“Ackridge Automotive on Church Hill Road suddenly closed its doors in late August. According to court documents filed in Queen Anne’s County Circuit Court, Judge Thomas Ross issued a temporary injunction August 28 to prevent William Ackridge III and employees of Ackridge Automotive Group, LLC from selling cars and trucks or being on the property. In a June interview, Ackridge, 51, said he planned to renovate the facade and break ground in August for a 10,000-square-foot addition and said “”we will be the biggest, newest store on the Eastern Shore of Maryland.”” The new dealership was to include an overnight service center for all car and truck makes and models. At the time, Ackridge said he would add 35 new jobs to the 15 already there and run a “”fast-paced operation.””
Haak Motors, LLC and Seahawk, LLC sued Ackridge Automotive Group, LLC and William Ackridge III for $4-million in compensatory damages and $5-million in punitive damages. Haak Motors owns the Chrysler-Jeep-Dodge dealership, and Seahawk owns the real estate. Cristina Landskroener, attorney at the Saunders Law Office in Chestertown, said the judge left the injunction in place after a hearing last week. In a notarized statement dated August 28, Lloyd Haak said settlement was July 24. According to the court documents, Ackridge showed Haak a checking account statement with $4,570,000 in a business checking account automatic renewal Certificate of Deposit statement worth $4,250,000.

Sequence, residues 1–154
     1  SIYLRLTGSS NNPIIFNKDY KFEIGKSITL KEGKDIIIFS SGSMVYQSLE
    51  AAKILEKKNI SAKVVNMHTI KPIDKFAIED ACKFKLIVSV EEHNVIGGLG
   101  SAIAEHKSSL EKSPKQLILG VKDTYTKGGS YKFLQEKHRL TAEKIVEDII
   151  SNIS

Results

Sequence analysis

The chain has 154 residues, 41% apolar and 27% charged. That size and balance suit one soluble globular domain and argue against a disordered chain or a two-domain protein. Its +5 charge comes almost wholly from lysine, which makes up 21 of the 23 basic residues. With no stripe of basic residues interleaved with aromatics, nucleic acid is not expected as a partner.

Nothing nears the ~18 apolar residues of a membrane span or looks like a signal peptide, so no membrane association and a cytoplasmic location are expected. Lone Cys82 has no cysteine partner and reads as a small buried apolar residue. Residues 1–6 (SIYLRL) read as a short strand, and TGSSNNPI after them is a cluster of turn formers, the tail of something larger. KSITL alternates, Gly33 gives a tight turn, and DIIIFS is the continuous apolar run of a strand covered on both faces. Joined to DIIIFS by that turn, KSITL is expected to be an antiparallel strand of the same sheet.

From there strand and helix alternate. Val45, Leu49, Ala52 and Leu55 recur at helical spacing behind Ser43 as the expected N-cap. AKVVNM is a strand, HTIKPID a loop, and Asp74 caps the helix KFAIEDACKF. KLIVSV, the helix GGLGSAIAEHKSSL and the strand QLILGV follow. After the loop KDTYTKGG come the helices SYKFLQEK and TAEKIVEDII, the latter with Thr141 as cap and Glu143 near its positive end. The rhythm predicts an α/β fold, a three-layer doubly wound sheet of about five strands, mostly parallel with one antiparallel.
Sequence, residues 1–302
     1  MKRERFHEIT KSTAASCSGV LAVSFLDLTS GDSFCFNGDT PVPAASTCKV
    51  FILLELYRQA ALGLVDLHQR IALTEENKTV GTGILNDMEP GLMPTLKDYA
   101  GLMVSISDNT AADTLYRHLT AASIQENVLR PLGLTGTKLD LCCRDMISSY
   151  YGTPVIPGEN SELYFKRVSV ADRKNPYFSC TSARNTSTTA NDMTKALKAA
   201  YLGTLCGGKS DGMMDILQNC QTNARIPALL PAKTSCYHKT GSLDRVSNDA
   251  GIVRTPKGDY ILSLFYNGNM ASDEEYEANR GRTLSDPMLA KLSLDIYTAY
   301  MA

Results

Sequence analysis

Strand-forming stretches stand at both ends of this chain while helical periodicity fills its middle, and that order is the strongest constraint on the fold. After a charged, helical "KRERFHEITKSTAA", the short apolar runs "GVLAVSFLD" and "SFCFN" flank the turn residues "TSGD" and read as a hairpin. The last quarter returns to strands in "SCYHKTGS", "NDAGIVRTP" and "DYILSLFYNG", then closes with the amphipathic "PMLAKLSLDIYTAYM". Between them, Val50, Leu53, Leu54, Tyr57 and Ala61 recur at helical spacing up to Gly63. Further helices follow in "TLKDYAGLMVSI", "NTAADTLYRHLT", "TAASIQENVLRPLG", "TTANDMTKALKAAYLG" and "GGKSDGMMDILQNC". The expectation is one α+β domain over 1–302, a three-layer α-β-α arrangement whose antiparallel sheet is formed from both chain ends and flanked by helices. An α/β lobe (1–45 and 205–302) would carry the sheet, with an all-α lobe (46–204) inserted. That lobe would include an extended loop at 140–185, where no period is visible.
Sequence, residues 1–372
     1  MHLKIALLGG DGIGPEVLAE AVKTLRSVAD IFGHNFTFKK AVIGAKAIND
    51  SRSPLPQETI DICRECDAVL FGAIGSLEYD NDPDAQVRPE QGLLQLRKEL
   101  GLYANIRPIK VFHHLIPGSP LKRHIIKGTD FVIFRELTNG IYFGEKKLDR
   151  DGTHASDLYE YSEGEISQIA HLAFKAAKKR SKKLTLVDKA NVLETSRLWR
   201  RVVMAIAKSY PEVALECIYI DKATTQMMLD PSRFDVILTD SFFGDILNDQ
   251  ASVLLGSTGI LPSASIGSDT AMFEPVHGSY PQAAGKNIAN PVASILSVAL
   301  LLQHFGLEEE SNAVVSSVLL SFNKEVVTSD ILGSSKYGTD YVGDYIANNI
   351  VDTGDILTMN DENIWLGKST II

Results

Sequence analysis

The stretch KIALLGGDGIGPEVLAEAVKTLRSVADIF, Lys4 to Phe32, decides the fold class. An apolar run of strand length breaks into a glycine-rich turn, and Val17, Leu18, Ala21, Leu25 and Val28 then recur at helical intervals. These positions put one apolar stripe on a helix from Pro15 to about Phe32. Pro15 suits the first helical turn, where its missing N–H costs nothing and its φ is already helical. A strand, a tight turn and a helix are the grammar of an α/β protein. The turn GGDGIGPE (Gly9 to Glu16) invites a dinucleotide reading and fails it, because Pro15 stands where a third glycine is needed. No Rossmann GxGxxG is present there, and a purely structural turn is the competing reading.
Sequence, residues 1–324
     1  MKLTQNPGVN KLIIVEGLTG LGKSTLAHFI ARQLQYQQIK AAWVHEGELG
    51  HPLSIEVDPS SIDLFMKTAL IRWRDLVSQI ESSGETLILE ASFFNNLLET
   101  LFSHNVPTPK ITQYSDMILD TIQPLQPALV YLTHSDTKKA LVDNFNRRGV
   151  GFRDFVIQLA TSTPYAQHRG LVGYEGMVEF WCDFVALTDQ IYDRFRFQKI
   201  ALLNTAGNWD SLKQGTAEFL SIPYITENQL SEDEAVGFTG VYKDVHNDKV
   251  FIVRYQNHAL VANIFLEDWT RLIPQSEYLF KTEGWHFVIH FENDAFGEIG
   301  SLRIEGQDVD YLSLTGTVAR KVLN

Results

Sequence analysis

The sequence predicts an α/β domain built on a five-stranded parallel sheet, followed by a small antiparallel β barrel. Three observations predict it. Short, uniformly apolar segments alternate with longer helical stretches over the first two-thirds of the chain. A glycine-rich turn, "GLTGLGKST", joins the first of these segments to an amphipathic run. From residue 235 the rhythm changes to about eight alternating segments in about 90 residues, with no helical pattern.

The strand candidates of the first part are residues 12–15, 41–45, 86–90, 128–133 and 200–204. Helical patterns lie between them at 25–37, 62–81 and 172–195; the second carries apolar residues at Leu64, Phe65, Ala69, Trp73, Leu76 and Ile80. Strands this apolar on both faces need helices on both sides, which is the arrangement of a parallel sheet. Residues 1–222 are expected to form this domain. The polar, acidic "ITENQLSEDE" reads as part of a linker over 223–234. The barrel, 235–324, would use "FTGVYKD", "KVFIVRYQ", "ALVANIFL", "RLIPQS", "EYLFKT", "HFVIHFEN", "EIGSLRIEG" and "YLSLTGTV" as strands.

At settlement, Haak gave Ackridge an interim management agreement to use existing business licenses until Ackridge obtained his own. Haak’s deposition said, “”Defendants represented that funds for the transaction had been wired to the escrow account designated … and provided a wire transfer number.”” The funds did not go through. The buyer’s explanation was that his investors had pulled out, and Ackridge then offered real estate as collateral; however, the real estate is in foreclosure.
Reached last week for comment, Ackridge said the reason the sale did not go through is that “”the deal started at $3.2-million, and the numbers kept going up. We can’t afford to spend $5-million on a business worth $2-million.”” During the month Ackridge was in business, he sold about 150 cars worth $6-million. He has “”156 customers who need titles,”” and he has the money to take care of them. “”Chrysler is holding the titles hostage,”” Ackridge alleges. He said legal action by Wilmington Trust Co. allegedly contributed to the title problem. Despite having the money to take care of the title work, he said, “”We can’t get into the building to grab the titles and finish the paperwork. They are Ackridge customers. …We need to take care of these customers.””
The filing also said Ackridge “”voluntarily surrendered the franchise to Chrysler Corporation.”” A phone call to Chrysler Corporation media relations was not returned by press time. In a deposition from Robert Arangio, lawyer representing Haak Motors, LLC and Seahawk, LLC, Ackridge’s attorney is identified as Allan Taylor. His contact information could not be readily obtained.